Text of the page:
Originally written by Hans Leo Hassler around 1600 for a secular love song, “Mein G’müt ist mir verwirret”, this chorale is often associated with the text “O Sacred Head, Now Wounded,” a text based on a medieval Latin poem often attributed to Bernard of Clairvaux (1091-1153), but now attributed to the Medieval poet Arnulf of Louvain (died 1250). Paul Gerhardt wrote a German version “O Haupt voll Blut und Wunden.” The tune was appropriated and rhythmically simplified for Gerhardt’s German hymn in 1656 by Johann Crüger. Johann Sebastian Bach arranged the melody and used five stanzas of the hymn in his St Matthew Passion. Bach also used the melody with different words in his Christmas Oratorio. The hymn was first translated into English in 1752 by John Gambold. The most widely used English translations were made by the American Presbyterian minister, James Waddel Alexander in 1830 and the English poet Robert Bridges in 1899.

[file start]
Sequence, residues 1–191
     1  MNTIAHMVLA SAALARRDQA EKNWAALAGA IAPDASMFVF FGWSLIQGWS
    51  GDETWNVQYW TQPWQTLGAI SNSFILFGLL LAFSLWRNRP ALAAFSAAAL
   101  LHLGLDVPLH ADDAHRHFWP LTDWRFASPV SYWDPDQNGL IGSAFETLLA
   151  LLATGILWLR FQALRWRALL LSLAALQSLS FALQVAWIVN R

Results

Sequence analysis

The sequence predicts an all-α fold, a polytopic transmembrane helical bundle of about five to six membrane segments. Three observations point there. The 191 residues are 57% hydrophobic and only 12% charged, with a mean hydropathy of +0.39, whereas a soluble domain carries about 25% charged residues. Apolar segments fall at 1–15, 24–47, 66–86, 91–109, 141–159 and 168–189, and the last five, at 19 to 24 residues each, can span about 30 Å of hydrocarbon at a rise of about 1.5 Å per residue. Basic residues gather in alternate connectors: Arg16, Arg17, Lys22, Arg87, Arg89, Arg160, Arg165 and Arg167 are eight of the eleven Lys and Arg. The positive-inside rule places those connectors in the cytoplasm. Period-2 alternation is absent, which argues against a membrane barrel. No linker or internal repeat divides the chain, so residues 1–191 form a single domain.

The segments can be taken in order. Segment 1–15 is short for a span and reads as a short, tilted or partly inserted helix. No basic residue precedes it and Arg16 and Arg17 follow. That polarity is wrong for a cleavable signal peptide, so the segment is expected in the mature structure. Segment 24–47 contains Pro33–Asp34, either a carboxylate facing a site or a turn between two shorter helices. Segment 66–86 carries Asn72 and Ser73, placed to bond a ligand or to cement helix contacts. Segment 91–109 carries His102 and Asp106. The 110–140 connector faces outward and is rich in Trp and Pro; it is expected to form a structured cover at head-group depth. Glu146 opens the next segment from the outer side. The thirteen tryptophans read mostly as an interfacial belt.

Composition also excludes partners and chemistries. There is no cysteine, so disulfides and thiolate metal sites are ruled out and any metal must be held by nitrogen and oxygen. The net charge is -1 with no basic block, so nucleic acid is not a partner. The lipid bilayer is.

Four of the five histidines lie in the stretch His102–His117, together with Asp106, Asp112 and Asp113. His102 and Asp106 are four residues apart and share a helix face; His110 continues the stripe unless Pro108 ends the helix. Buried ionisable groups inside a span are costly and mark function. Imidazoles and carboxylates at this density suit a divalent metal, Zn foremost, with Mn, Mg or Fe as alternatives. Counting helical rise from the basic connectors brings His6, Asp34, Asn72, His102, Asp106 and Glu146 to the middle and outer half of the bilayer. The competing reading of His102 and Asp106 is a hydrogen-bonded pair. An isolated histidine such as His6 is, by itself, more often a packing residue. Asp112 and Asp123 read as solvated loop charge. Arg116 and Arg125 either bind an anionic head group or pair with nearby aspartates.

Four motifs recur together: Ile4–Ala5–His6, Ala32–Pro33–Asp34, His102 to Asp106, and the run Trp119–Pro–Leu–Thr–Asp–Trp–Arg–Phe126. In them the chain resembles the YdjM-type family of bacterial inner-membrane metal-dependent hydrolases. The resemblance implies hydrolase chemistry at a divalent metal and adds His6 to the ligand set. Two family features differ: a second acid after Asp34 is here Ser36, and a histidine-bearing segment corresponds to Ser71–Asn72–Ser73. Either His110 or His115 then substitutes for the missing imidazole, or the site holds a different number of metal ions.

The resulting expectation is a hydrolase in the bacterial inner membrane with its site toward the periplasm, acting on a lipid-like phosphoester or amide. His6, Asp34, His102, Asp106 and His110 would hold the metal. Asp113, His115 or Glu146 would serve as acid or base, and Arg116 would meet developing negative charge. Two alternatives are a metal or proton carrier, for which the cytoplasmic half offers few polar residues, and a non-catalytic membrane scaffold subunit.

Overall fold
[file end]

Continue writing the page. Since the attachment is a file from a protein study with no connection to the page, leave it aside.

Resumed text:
See a list of other popular hymn and chorale themes here.
William James Ross – Free Fantasy on Herzlich tut mich verlangen – St. Paul’s Episcopal Church, San Antonio, Texas
Paul Kayser – Passacaglia on “O Haupt voll Blut und Wunden” – Dudelange, Luxembourg
Wilco Buitendijk – Improvisatie over ‘O haupt voll blut und wunden’ – Rodenrijs